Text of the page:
Where No Doctor Has Gone Before
Cuba’s Place in the Global Health Landscape
Publication Year: 2013
Tens of thousands of people around the world die each day from causes that could have been prevented with access to affordable health care resources. In an era of unprecedented global inequity, Cuba, a small, low-income country, is making a difference by providing affordable health care to millions of marginalized people.
Cuba has developed a world-class health care system that provides universal access to its own citizens while committing to one of the most extensive international health outreach campaigns in the world. The country has trained thousands of foreign medical students for free under a moral agreement that they serve desperate communities. To date, over 110,000 Cuban health care workers have served overseas.
Where No Doctor Has Gone Before looks at the dynamics of Cuban medical internationalism to understand the impact of Cuba’s programs within the global health landscape. Topics addressed include the growing moral divide in equitable access to health care services, with a focus on medical tourism and Cuba’s alternative approach to this growing trend. Also discussed is the hidden curriculum in mainstream medical education that encourages graduates to seek lucrative positions rather than commit to service for the marginalized. The author shows how Cuba’s Escuela Latinoamericana de Medicina (ELAM) serves as a counter to this trend.
An acknowledgement of Cuba’s tremendous commitment, the book reveals a compelling model of global health practice that not only meets the needs of the marginalized but facilitates an international culture of cooperation and solidarity.
Published by: Wilfrid Laurier University Press
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On any beach, in any language, a red fl ag erected in the sand means âstay out of the water!â On April 29, 2001, while swimming at Playa Santa Maria, just east of Havana, I missed that message and ran full speed into an angry sea. A wave came up on me, threw my feet in the air, and drove my head into the ground, shredding my shoulder to pieces. A bloody mess, I dragged myself out of the ...
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While I hold that fateful wave fully responsible for setting this project in motion, I, too, hold responsible all those who have provided their support throughout this project. Without them, this could never have succeeded the way that it did. As the author of this book, my role was actually minimal. ...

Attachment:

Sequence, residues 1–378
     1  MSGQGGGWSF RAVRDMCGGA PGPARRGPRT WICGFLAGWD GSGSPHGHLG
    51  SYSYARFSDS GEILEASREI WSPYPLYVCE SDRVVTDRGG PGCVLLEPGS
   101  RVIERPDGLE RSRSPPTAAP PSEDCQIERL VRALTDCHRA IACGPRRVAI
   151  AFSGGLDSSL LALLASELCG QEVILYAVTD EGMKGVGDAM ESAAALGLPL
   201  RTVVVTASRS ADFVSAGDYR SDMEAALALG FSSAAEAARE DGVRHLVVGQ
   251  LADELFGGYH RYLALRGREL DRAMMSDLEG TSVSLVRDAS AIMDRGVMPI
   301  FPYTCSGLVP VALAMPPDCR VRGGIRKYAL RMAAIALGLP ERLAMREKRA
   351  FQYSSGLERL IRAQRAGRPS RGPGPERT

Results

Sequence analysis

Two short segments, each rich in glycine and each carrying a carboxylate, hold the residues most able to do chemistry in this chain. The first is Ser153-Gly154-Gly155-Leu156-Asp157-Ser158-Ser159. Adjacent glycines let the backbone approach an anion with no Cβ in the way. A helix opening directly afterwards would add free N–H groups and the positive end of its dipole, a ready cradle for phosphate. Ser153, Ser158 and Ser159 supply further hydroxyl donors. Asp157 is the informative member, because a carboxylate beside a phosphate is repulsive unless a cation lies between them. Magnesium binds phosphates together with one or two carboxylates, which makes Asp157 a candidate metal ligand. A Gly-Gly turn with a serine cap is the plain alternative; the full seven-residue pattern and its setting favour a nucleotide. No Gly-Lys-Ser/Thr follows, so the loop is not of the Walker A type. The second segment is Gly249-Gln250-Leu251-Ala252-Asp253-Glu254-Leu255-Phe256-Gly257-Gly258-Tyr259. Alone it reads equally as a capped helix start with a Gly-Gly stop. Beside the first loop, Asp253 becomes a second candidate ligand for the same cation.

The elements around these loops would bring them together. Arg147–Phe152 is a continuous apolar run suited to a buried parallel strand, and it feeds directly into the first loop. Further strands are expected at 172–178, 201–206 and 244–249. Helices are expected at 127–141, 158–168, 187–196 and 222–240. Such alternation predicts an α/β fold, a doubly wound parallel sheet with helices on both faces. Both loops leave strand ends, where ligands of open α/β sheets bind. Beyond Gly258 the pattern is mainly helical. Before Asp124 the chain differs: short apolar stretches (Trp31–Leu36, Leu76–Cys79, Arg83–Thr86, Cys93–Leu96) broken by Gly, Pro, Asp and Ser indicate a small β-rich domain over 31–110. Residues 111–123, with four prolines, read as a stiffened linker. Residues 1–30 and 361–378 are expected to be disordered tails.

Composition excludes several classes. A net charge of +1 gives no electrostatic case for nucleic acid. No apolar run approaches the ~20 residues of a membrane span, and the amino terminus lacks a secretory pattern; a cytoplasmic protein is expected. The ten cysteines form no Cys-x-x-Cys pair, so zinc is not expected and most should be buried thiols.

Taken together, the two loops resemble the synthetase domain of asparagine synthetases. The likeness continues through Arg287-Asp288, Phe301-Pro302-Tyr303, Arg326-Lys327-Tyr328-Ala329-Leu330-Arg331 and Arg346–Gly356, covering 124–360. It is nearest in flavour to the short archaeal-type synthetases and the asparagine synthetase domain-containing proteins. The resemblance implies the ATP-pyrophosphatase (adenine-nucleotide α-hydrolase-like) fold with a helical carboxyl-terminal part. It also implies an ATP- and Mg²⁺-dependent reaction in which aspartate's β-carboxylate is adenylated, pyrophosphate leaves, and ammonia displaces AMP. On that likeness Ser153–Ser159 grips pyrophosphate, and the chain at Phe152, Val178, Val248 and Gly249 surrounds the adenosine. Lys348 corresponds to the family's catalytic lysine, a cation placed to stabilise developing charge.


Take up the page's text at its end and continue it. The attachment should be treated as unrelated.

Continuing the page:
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Primary research for this study took place between 2004 and 2010 with forty-seven fi rst-person interviews. Participants included ELAM students, graduates, teachers, and administrators, members of MINSAP and MINREX, and villag-ers in rural Ecuador. I also collected interview data through multiple fi eld site visits coordinated through MEDICC. Multiple method research was used for ...
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Just at dusk, I stood on the rooft op of the public clinic in La Joya de los Sachas,1 a small town in Ecuadorâs Amazon, with Cuban-trained doctor Dania Suarez. We watched the gas fl ares from the petroleum developments shoot up above the rain forest. Th is clinic, surrounded by thick jungle and standing pools of water ripe with mosquitoesâthe kind that make you burn alive with dengue or ...
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Th ere are so many stories of structural and economic hardships coming out of Cuba, from overcrowded buses to faulty water systems (Ritter, 2010). In rural areas, there are outspoken complaints about the distribution of certain resources and sporadic transportation. Th ere are critiques against the freedom of expres-sion of political opposition movements and the nature of political representation ...
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Th e twentieth century was one of the most violent periods in human history. Humanity mastered its ability and effi ciency for war and violence at an alarm-ing rate. On a global scale, the twentieth century will be remembered as a time when governments raised armies and invested in innovative ways to break bones than ways to heal them. Military weapons have been advanced with ruthless ...
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As a form of development and security assistance to Latin America, the United States trained more than sixty-one thousand soldiers and police at the School of the Americas (Gill, 2004). It was a military training base funded by the US government but located in Panama. Many of the graduates went to work for dictatorships in Chile, Argentina, Guatemala, Nicaragua, and Bolivia. Offi cially ...
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Advancements in medical technology are truly amazing. Research continues to evolve understanding of the human body, and diagnostic and treatment capaci-ties continue to progress at an amazing rate. Consider that a diagnosis of HIV/AIDS or some cancers in the 1980s was a death sentence. Today, with access to a proper pharmaceutical regime, HIV positive patients can live a full life and ...
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Recently I was at a conference on medical education. I gave a brief presentation on Cuban medical internationalism. A senior medical specialist asked me, âDo you think that the Cubans would benefi t from my knowledge?â He was a top surgeon in his fi eld, and fi guring that Cuba was defi ned by poverty and lacked resources in its health-care system, he felt that the Cuban people needed his ...
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Page Count: 222
Publication Year: 2013